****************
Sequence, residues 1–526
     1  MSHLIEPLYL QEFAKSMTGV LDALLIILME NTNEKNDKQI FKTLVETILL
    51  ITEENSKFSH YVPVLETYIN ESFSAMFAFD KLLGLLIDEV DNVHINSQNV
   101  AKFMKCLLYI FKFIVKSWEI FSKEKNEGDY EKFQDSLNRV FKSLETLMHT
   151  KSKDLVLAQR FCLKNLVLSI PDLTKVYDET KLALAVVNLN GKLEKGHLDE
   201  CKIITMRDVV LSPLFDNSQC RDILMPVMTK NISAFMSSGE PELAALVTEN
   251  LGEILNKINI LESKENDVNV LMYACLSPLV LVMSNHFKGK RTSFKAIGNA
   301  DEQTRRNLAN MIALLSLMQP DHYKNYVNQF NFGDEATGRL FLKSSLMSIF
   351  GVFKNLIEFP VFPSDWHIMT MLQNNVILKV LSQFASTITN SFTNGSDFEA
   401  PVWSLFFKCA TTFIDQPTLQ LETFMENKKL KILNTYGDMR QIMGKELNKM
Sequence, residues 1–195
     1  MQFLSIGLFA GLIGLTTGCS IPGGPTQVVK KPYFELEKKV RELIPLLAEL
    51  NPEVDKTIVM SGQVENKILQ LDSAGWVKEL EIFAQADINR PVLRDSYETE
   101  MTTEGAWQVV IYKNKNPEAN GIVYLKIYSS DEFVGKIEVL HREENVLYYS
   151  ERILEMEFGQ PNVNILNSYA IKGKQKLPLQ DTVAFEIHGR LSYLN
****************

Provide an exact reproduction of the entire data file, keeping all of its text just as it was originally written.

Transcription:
Sequence, residues 1–526
     1  MSHLIEPLYL QEFAKSMTGV LDALLIILME NTNEKNDKQI FKTLVETILL
    51  ITEENSKFSH YVPVLETYIN ESFSAMFAFD KLLGLLIDEV DNVHINSQNV
   101  AKFMKCLLYI FKFIVKSWEI FSKEKNEGDY EKFQDSLNRV FKSLETLMHT
   151  KSKDLVLAQR FCLKNLVLSI PDLTKVYDET KLALAVVNLN GKLEKGHLDE
   201  CKIITMRDVV LSPLFDNSQC RDILMPVMTK NISAFMSSGE PELAALVTEN
   251  LGEILNKINI LESKENDVNV LMYACLSPLV LVMSNHFKGK RTSFKAIGNA
   301  DEQTRRNLAN MIALLSLMQP DHYKNYVNQF NFGDEATGRL FLKSSLMSIF
   351  GVFKNLIEFP VFPSDWHIMT MLQNNVILKV LSQFASTITN SFTNGSDFEA
   401  PVWSLFFKCA TTFIDQPTLQ LETFMENKKL KILNTYGDMR QIMGKELNKM
Sequence, residues 1–195
     1  MQFLSIGLFA GLIGLTTGCS IPGGPTQVVK KPYFELEKKV RELIPLLAEL
    51  NPEVDKTIVM SGQVENKILQ LDSAGWVKEL EIFAQADINR PVLRDSYETE
   101  MTTEGAWQVV IYKNKNPEAN GIVYLKIYSS DEFVGKIEVL HREENVLYYS
   151  ERILEMEFGQ PNVNILNSYA IKGKQKLPLQ DTVAFEIHGR LSYLN